Legislation May Require 72-Hour Cyber Incident Reporting Deadline to CISA
by D. Howard Kass • Nov 9, 2021
Critical infrastructure owners and operators and civil federal agencies would be required to report to the Cybersecurity and Infrastructure Security Agency (CISA) within 72 hours if they are hit by a cyber attack, should a new bipartisan amendment to the upcoming annual defense bill gain approval.
The amendment, which also requires most entities to report to CISA if they make a ransomware payment, is backed by Sens. Gary Peters (D-MI), who chairs the Homeland Security and Governmental Affairs Committee, Mark Warner (D-VA), Rob Portman (R-OH) and Susan Collins (R-ME). Its foundation is Peters’ Cyber Incident Reporting Act and separate Federal Information Security Modernization Act of 2021 that would require critical public and private organizations to notify CISA within 24 hours of discovering the system compromise.
The cyber incident reporting measure also requires federal contractors–including MSSPs, MSPs and managed detection and response (MDR) service providers–to report to CISA within 24 hours of making a ransom payment. In early October, the Department of Justice (DOJ) launched a new action to slap hefty fines on government contractors, including MSSPs and MSPs, that fail to report a cybersecurity incident.
Here’s what the Peters amendment to the National Defense Authorization Act (NDAA) would do:
- Requires critical infrastructure owners and operators to report to CISA within 72 hours if they are experiencing a substantial cyber attack.
- Requires many businesses, nonprofits, and state and local governments to report to CISA within 24 hours of making a ransom payment.
- Updates current federal government cybersecurity laws to improve coordination between federal agencies.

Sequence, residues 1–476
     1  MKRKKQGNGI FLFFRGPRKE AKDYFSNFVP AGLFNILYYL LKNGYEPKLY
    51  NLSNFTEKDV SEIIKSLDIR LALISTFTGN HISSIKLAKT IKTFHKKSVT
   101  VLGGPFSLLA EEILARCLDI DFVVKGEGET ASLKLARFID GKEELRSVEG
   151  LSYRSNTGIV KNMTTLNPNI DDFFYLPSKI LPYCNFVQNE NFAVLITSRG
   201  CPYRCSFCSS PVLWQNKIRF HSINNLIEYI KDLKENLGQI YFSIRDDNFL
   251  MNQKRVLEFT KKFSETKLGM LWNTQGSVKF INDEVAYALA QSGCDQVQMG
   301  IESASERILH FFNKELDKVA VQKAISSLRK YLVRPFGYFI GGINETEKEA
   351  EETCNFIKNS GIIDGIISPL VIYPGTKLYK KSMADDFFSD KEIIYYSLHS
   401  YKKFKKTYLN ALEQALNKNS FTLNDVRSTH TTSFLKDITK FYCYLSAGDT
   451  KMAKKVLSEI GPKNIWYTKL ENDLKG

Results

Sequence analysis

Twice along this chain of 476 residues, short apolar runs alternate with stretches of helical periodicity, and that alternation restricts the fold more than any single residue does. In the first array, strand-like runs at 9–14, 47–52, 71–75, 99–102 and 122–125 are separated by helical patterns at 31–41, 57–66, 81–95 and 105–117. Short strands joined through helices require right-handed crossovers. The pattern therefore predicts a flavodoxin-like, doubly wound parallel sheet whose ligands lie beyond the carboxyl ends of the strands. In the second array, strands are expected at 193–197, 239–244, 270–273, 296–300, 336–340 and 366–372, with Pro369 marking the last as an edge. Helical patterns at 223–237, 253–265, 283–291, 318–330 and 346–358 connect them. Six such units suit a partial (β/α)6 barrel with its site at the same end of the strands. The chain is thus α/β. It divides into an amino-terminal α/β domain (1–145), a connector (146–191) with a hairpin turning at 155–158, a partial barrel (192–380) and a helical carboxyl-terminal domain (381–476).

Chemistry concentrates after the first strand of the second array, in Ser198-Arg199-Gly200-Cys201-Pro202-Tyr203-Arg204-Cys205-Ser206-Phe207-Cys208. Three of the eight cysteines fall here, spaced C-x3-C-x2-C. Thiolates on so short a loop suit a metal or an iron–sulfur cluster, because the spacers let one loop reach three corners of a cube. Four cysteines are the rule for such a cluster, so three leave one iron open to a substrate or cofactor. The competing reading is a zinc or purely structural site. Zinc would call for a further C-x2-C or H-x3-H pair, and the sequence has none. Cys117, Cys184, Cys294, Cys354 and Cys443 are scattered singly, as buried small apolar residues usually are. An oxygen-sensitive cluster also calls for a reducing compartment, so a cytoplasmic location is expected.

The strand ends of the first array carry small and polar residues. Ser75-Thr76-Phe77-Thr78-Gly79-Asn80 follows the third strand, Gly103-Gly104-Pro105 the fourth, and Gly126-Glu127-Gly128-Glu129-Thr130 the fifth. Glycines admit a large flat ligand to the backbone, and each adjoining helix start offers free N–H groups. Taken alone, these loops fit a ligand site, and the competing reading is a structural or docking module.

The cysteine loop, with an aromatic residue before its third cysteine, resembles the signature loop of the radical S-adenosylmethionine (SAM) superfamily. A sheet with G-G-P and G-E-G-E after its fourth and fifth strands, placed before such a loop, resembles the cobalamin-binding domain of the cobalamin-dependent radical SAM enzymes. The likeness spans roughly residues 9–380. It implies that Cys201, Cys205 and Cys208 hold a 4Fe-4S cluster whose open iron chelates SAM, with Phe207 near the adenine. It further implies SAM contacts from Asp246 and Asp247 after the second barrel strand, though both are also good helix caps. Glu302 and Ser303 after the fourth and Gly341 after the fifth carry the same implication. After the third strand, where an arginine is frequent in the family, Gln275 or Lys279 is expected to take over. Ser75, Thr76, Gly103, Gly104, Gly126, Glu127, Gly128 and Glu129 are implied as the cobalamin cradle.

- Forces the federal government to take a risk-based approach to security.
- Requires all civilian agencies to report all cyber attacks to CISA and major cyber incidents to Congress.
- Provides additional authorities to CISA to ensure they are the lead federal agency in charge of responding to cybersecurity incidents on federal civilian networks.
The amendment is a middle ground between legislation introduced by Peters and Portman that would extend the reporting deadline to 72 hours and an earlier Warner incident reporting bill that specified a 24-hour timeline. A number of prominent businesses have claimed that incident reporting, no matter what the acceptable time frame, would disproportionately concern their shareholders and weaken their competitive positions.
Under existing law, no federal requirement for individual companies to disclose to CISA a breach is currently on the books, let alone mandated within a certain time frame.
“I’m grateful to my colleagues for working together to introduce this bipartisan amendment that will take significant steps to strengthen cybersecurity protections, ensure that CISA is at the forefront of our nation’s response to serious breaches, and most importantly, requires timely reporting of these attacks to the federal government so that we can better prevent future incidents and hold attackers accountable for their crimes,” Peters said.
Too much is at stake to rely on voluntary reporting to protect critical infrastructure, said Warner, who chairs the Senate Select Committee on Intelligence. “We need a routine reporting requirement so that when vital sectors of our economy are affected by a cyber breach, the full resources of the federal government can be mobilized to respond to, and stave off, its impact,” he said.
The 2022 NDAA that passed the House on September 23rd included amendments that would limit the term of the CISA director to five years, authorize the creation of a Cyber Incident Review Office, require CISA to update its incident response plan at least every two years, require the Defense Department to provide Congress with a report on cyber hygiene recommendations and a number of others.
The 2021 NDAA, vetoed by then President Trump but subsequently codified into law in a Congressional override, included 77 cybersecurity articles to improve the nation’s cybersecurity posture. Among them was a clause to restore the position of national cyber director within the White House responsible for coordinating federal cybersecurity policies.